20. […]  In this area family commitments, job and TV held peoples attention so adding to these was a major want. Finding the “sell” feature a major […]

  21. These statements are so true to many different things in life.

  22. Steve,
    A couple days ago, in response to a discussion about photography books I posted this on Luminous Landscape Forum->The Art of Photography->But Is it Art? I think it’s a pretty sure bet I’m right:

    I think McCurry is going to become the Cartier-Bresson of the early 21st century — not in the sense that his photographs are like HCB’s, but in the sense that he’ll dominate the field the same way Henri did early last century. His work is phenomenal. Steve McCurry has established a transition from B&W to color in photographing people that’s like no one else’s. I think it’s going to be definitive — the standard for at least the next couple decades.

  23. sassi haviv Says:

    hey steve:)
    i am sure you are so busy so thank you for putting the time. i started photography 2 years ago and picking up more and more.. published about 20 travel images on 1x
    and now i need to make the leap so i cn continue to do what i love best which is interacting with people. i hope you find the time to look at my profile at 1x and maybe have a suggestion
    thank you

  24. Dear Steve,thanks a lot for your wonderful images…………..
    my best wishes for you

  25. Thank you very much for these lessons, Steve. Learning, wandering, opening his mind, all is right.

  26. Hi Steve. I am a novice…just fallen in love with photography and wish to explore the world as you do.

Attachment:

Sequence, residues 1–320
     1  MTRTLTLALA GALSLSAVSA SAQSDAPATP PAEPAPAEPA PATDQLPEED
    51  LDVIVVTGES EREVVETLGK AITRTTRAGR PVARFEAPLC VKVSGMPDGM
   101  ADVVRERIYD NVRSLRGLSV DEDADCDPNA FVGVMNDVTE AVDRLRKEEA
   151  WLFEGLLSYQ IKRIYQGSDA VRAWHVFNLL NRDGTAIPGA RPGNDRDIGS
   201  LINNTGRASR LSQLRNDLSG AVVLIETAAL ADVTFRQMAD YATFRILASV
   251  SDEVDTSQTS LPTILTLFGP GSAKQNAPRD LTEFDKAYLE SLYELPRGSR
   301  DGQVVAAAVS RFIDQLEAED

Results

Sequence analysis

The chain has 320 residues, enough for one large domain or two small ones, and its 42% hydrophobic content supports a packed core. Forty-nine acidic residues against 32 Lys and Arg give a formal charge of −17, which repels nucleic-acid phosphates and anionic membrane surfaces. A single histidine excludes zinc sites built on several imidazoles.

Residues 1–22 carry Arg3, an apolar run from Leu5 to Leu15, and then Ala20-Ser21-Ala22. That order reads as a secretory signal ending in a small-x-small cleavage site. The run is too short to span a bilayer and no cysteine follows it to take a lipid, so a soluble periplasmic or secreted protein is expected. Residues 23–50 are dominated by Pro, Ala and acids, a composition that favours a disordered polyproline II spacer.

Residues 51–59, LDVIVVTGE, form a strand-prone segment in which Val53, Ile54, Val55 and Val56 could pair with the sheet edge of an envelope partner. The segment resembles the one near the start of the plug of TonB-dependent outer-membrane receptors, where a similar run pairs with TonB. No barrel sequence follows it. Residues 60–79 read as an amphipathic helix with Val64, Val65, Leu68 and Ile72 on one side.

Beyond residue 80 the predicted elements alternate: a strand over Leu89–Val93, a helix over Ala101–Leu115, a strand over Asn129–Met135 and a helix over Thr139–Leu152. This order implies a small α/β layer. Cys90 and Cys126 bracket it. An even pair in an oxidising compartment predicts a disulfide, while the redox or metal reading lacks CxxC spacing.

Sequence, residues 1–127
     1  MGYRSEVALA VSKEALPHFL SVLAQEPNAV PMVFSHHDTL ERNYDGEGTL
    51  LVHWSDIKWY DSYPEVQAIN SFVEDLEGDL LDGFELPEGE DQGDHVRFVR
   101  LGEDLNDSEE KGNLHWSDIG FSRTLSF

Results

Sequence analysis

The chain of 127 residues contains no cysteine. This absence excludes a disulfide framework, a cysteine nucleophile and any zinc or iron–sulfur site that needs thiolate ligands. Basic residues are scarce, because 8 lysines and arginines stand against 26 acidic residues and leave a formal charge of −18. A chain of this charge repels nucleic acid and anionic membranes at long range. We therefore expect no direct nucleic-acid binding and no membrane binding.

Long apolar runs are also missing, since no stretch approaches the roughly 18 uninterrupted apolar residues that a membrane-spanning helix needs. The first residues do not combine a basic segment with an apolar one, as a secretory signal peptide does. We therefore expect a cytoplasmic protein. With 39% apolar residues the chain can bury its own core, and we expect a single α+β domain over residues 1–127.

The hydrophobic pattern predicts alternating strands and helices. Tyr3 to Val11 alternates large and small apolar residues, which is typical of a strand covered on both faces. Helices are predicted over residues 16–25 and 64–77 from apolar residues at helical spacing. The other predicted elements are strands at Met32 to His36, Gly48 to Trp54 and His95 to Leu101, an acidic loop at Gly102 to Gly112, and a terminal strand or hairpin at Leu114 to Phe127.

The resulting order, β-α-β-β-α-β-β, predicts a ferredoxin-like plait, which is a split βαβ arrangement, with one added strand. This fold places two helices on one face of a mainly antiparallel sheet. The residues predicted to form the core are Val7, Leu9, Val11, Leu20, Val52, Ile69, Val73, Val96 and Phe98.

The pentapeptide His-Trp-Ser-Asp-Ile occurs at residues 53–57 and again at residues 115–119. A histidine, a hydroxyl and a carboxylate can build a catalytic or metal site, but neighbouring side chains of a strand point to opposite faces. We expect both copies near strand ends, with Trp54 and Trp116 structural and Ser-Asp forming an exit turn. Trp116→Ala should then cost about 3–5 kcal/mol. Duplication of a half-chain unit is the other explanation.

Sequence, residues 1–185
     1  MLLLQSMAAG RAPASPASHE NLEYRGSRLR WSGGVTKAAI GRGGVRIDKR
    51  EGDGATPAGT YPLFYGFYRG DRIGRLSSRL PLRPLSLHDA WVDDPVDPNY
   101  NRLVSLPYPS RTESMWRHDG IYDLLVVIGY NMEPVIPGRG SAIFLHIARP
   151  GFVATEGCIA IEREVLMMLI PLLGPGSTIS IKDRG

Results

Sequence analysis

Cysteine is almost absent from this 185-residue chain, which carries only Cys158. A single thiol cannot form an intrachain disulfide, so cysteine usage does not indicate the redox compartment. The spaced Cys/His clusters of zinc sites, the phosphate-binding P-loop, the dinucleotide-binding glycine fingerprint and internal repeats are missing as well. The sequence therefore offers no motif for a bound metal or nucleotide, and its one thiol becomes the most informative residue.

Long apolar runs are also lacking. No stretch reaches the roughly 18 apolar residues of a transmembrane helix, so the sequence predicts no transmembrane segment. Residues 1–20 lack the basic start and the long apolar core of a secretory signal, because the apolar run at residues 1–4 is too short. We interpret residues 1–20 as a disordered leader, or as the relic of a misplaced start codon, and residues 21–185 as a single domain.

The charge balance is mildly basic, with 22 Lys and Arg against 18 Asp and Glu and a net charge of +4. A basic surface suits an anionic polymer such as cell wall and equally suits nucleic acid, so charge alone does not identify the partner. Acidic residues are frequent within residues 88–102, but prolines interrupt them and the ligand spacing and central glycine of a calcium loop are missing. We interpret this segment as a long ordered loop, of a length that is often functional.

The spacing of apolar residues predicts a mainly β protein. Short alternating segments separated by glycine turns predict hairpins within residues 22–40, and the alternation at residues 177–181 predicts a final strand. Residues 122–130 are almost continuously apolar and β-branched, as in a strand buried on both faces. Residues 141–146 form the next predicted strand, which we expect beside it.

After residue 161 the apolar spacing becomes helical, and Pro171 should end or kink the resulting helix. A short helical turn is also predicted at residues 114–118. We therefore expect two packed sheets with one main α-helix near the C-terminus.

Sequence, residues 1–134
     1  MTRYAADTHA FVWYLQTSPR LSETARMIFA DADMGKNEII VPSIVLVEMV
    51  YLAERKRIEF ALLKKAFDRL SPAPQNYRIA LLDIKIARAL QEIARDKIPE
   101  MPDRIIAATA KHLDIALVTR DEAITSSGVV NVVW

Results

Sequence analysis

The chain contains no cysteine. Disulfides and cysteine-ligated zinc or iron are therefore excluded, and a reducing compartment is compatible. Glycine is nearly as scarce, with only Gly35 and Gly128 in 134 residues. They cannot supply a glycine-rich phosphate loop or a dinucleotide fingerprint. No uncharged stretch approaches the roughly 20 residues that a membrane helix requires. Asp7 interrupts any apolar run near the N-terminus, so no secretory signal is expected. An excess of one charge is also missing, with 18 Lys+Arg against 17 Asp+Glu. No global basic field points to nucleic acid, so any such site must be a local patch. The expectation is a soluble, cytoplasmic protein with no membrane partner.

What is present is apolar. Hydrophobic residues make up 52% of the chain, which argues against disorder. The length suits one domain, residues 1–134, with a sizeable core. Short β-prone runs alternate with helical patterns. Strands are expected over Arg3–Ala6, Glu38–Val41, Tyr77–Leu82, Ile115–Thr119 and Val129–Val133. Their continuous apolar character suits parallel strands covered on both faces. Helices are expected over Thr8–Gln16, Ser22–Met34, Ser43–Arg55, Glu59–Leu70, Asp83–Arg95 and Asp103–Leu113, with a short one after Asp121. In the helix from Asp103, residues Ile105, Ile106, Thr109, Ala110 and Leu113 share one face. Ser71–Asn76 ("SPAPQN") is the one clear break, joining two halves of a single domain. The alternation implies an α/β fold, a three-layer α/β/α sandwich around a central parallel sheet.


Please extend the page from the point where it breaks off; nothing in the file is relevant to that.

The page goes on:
As a female, personal safety is a big concern traveling alone with photo gears…wonder if you have any advice for lone female photographers traveling in remote places?


    Sincerely, Niabail

  27. Lori Kuhn Robinson Says:

    it seems you do know what youare talking a bout- comm/eff/hrd wrk/ fort/det/ —-i like the pick and shovel concept.

  28. hi Steve, i met you in Huelva, spain, the last year, in the photo festival. i was working in the local press in these times.
    i like a lot your advice, but maybe, my favorite is to have Insatiable Curiosity, it makes all! is as i think.
    thanks for share your knowledge in this blog, i’ll follow you!

  29. missbite Says:

    Hi Steve, first of all I’d like to thank you for your advice, this week-end I’m going to visit your exposition in Milan in order to get some inspiration. As a matter of fact I would like to turn my passion for photojournalism into a real job. Too many people tell me what kind of job or career should I follow. On the contrary I want to do something that makes me feel good, strong and satisfied, something like me. My ideas still are confused, this is why I wonder if there are any opportunities for a young-confused girl like me in this world.